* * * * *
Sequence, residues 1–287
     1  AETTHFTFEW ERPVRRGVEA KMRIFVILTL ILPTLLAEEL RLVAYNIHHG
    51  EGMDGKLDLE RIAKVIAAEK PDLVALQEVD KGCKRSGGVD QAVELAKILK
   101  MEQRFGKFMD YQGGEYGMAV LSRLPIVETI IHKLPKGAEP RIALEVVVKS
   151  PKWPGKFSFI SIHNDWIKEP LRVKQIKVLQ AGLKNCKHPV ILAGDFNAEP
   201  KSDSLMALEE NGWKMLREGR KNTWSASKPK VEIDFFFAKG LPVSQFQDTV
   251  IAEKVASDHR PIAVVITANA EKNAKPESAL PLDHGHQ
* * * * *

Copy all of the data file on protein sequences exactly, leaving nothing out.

Sequence, residues 1–287
     1  AETTHFTFEW ERPVRRGVEA KMRIFVILTL ILPTLLAEEL RLVAYNIHHG
    51  EGMDGKLDLE RIAKVIAAEK PDLVALQEVD KGCKRSGGVD QAVELAKILK
   101  MEQRFGKFMD YQGGEYGMAV LSRLPIVETI IHKLPKGAEP RIALEVVVKS
   151  PKWPGKFSFI SIHNDWIKEP LRVKQIKVLQ AGLKNCKHPV ILAGDFNAEP
   201  KSDSLMALEE NGWKMLREGR KNTWSASKPK VEIDFFFAKG LPVSQFQDTV
   251  IAEKVASDHR PIAVVITANA EKNAKPESAL PLDHGHQ